While light on policy, the speech successfully outlined a vision of a fairer, more generous society. The banks would "serve the country", rather than the country serving the banks, the "free market" in the NHS would end, and the "two nations" - the rich and the rest - would be brought together. Displaying his new-found confidence, Miliband recalled his "predators and producers" refrain, adding that "one year on, people know what I was talking about".

After this speech, the Tories will no longer be able to console themselves with the thought that while Labour rides high, Miliband is unelectable. Once seen as a drag on his party, the Labour leader will now be recognised as an asset.

Labour leader Ed Miliband acknowledges the applause as he delivers his speech to delegates at the Labour conference in Manchester. Photograph: Getty Images.

George Eaton is political editor of the New Statesman.

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Tony Blair might be a toxic figure - but his influence endures

Politicians at home and abroad are borrowing from the former prime minister's playbook. 

On 24 May at Methodist Central Hall, Westminster, a short distance from where he once governed, Tony Blair resurfaced for a public discussion. Having arrived on an overnight flight, he looked drawn and puffy-eyed but soon warmed to his theme: a robust defence of liberal globalisation. He admitted, however, to bafflement at recent events in the world. "I thought I was pretty good at politics. But I look at politics today and I’m not sure I understand it."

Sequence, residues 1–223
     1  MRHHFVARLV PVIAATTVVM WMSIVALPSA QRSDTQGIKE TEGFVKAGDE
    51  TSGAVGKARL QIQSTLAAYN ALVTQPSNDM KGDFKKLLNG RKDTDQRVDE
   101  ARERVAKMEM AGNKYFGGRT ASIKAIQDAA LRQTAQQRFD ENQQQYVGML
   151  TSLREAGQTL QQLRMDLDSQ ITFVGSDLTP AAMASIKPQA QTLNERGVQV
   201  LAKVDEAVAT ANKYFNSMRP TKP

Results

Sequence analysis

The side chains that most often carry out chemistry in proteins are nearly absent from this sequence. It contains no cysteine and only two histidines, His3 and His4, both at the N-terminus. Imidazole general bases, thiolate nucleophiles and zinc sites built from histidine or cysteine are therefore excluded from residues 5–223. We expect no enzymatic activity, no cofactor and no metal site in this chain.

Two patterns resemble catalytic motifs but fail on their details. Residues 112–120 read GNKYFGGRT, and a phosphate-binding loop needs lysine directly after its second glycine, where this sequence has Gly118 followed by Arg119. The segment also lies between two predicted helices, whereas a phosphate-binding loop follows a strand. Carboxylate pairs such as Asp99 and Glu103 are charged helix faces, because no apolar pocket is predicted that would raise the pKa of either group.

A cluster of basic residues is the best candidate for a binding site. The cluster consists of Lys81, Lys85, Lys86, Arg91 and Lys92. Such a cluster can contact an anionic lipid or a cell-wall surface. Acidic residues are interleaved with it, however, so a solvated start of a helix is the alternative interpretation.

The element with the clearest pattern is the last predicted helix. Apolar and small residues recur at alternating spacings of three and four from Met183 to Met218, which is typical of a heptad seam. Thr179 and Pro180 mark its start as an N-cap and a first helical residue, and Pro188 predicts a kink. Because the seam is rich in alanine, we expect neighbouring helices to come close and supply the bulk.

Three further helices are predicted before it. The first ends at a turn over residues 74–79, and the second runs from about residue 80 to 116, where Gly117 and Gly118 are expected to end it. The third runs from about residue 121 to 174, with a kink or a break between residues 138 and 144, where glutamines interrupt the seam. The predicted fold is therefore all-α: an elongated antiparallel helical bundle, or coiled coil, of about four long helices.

Blair lost power in the summer of 2007. In the ensuing nine years, he lost reputation. His business ventures and alliances with autocrats have made him a pariah among both the public and his party. A YouGov poll published last year found that 61 per cent of voters regarded Blair as an electoral liability, while just 14 per cent viewed him as an asset. In contrast, John Major, whom he defeated by a landslide in 1997, had a neutral net rating of zero. It is ever harder to recall that Blair won not one general election (he is the only living Labour leader to have done so) but three.

His standing is likely to diminish further when the Iraq inquiry report is published on 6 July. Advance leaks to the Sunday Times suggest that he will be censured for allegedly guaranteeing British military support to the US a year before the invasion. Few minds on either side will be changed by the 2.6 million-word document. Yet its publication will help enshrine Iraq as the defining feature of a legacy that also includes the minimum wage, tax credits, Sure Start, devolution and civil partnerships.